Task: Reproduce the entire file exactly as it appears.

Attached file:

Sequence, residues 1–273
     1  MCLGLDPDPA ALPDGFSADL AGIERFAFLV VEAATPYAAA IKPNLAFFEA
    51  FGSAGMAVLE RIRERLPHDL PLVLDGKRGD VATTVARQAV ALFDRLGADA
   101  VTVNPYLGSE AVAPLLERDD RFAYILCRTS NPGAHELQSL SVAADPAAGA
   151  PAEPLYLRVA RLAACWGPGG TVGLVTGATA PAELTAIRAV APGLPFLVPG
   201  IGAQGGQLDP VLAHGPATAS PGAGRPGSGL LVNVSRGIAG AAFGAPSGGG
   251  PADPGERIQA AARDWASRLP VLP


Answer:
Sequence, residues 1–273
     1  MCLGLDPDPA ALPDGFSADL AGIERFAFLV VEAATPYAAA IKPNLAFFEA
    51  FGSAGMAVLE RIRERLPHDL PLVLDGKRGD VATTVARQAV ALFDRLGADA
   101  VTVNPYLGSE AVAPLLERDD RFAYILCRTS NPGAHELQSL SVAADPAAGA
   151  PAEPLYLRVA RLAACWGPGG TVGLVTGATA PAELTAIRAV APGLPFLVPG
   201  IGAQGGQLDP VLAHGPATAS PGAGRPGSGL LVNVSRGIAG AAFGAPSGGG
   251  PADPGERIQA AARDWASRLP VLP